The following guest post is by Alek Tarkowski from the Centrum Cyfrowe, a think-and-do-tank fostering digital society in Poland. Alek will be joining us at OKCon 2011 for his talk On the road to Open Data in Poland – Where Are We Now?

“Open budget” is a project started by Centrum Cyfrowe Projekt: Polska, a Polish think-and-do-tank promoting open government in Poland. The site contains the Polish performance budget in an open format. The performance budget accounts for about half of Polish public finances – the budget is divided into 22 functions of the state, further divided into tasks, sub-tasks and goals tied to disponents of funds.

The Polish performance budget can be downloaded either as a CSV file (196kb) or an ODS file (87kb). In the following months we will add additional datasets concerning Polish public finances.

Open budget promotes the idea of opening up public data on the the basis of the Polish performance budget for 2011. The Ministry of Finance presents budgetary data in the form of PDF files. They are public, but not compliant with accessibility standards as they do not allow further re-use. The Open Goverment Laboratory Team have gathered and transformed the data files in order to make them accessible in any spreadsheet.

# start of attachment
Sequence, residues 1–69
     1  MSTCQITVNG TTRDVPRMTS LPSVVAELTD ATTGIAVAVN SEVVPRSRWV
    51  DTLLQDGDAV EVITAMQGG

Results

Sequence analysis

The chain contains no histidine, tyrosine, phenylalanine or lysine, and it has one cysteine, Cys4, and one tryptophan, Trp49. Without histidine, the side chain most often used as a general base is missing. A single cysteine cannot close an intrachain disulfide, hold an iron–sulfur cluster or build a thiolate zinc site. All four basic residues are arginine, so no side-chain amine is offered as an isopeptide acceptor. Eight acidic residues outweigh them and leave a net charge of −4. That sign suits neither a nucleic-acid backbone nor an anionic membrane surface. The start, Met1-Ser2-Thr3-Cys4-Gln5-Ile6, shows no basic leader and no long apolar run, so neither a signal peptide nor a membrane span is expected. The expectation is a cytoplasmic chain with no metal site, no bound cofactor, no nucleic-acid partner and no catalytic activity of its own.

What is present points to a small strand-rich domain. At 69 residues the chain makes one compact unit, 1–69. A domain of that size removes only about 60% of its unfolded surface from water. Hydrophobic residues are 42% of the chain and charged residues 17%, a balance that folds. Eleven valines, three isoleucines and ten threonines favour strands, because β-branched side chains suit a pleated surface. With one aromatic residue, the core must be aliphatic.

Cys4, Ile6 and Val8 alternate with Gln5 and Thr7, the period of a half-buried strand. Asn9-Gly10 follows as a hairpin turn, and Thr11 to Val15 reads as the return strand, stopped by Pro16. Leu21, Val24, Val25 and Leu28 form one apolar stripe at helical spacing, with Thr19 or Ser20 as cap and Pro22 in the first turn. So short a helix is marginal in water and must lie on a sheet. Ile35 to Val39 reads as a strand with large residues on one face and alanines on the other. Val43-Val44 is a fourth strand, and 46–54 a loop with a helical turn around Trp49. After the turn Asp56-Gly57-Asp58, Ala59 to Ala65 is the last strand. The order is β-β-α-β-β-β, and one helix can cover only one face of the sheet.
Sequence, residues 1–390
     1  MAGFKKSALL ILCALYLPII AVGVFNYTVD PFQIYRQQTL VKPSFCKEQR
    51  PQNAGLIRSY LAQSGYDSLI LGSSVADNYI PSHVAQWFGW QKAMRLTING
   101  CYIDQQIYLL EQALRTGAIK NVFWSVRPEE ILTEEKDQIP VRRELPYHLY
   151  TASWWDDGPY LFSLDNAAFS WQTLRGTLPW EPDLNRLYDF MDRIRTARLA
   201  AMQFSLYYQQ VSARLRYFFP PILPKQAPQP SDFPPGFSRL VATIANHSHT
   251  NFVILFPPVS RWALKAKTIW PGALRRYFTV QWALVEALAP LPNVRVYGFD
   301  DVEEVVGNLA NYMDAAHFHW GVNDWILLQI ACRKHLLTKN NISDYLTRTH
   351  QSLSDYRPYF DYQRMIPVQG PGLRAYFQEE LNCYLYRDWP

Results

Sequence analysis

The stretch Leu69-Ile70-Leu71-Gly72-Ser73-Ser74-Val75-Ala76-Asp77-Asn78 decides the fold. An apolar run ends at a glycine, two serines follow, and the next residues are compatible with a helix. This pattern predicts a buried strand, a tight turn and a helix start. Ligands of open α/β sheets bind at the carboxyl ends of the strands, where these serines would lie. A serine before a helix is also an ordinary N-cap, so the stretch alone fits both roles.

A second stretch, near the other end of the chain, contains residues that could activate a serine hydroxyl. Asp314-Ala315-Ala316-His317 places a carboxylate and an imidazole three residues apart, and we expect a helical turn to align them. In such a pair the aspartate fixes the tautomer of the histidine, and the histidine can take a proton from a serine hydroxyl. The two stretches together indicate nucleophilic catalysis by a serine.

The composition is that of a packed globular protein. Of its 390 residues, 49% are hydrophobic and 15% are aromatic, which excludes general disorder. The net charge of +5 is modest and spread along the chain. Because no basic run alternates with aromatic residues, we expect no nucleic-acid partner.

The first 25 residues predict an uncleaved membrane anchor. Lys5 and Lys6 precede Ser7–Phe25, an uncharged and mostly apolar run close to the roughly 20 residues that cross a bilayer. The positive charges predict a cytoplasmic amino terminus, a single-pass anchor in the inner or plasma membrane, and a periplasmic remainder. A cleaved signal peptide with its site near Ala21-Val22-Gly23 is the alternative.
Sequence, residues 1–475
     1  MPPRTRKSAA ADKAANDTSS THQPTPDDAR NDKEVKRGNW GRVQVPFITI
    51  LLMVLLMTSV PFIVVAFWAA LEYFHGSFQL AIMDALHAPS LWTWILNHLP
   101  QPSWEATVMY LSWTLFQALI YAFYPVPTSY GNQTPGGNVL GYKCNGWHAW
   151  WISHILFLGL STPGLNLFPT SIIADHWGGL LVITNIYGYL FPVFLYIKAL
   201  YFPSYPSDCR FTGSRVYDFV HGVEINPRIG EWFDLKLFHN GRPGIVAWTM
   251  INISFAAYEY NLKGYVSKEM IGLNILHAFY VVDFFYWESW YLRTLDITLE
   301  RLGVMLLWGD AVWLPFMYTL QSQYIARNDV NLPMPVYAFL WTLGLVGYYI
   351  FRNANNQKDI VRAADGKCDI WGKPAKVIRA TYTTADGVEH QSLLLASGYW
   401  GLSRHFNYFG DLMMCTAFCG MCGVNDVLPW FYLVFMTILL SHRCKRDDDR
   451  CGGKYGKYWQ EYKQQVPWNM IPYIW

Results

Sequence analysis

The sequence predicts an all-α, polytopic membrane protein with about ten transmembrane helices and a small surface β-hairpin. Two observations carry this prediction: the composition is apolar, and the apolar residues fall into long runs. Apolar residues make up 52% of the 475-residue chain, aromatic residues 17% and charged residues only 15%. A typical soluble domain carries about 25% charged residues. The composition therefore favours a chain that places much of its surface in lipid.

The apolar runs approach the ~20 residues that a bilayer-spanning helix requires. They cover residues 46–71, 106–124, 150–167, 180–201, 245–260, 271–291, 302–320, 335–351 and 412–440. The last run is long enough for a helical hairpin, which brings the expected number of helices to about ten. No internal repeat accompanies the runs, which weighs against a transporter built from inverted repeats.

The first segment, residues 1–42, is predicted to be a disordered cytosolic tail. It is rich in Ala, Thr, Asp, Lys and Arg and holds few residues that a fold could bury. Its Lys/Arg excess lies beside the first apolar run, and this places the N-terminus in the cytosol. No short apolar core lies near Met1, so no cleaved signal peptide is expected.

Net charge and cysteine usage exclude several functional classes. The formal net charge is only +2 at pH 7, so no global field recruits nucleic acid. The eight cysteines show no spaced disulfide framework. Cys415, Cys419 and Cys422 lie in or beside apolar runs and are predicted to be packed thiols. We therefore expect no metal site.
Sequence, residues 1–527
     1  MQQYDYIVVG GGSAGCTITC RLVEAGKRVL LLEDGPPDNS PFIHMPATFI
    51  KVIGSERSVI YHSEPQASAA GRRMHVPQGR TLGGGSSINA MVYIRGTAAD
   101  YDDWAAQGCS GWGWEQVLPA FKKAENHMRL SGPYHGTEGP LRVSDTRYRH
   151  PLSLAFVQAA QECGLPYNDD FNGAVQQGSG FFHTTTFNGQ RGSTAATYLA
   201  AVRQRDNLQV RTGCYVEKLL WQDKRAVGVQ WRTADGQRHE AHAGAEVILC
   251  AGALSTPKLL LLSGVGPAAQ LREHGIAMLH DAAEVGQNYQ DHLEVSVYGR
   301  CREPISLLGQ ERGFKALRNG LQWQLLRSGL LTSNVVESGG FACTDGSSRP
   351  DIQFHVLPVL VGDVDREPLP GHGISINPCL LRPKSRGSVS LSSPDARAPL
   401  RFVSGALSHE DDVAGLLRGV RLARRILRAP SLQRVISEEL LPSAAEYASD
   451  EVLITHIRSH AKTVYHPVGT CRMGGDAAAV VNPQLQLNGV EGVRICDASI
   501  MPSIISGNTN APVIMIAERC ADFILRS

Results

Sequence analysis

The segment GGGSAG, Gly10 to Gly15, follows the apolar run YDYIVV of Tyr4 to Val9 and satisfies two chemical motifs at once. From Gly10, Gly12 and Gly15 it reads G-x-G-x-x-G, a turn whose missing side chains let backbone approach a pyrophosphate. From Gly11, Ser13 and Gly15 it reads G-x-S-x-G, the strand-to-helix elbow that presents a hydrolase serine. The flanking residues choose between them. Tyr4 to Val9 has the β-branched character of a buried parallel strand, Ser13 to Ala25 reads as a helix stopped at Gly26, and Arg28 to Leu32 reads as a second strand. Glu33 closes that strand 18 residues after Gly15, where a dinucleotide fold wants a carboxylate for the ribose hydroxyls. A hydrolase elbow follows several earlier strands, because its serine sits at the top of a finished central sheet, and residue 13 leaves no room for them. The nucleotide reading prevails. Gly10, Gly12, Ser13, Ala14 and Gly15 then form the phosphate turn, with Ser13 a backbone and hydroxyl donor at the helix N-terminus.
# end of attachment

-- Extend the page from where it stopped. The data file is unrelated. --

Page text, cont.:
We’ve also created an interactive visualization of this data (similar to such projects as Where Does My Money Go or Open Spending), and we are working on further approaches to presenting this data.

Screenshot of

We’re currently running a competition, to prove that interesting, useful and pretty information can be created on the basis of raw, and at first glance boring or difficult data. There are cash prizes available, and two catgories for entry: infographics and interactive visualisations. You can find all the details and the data here!

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This post is by a guest poster. If you would like to write something for the Open Knowledge Foundation blog, please see the submissions page.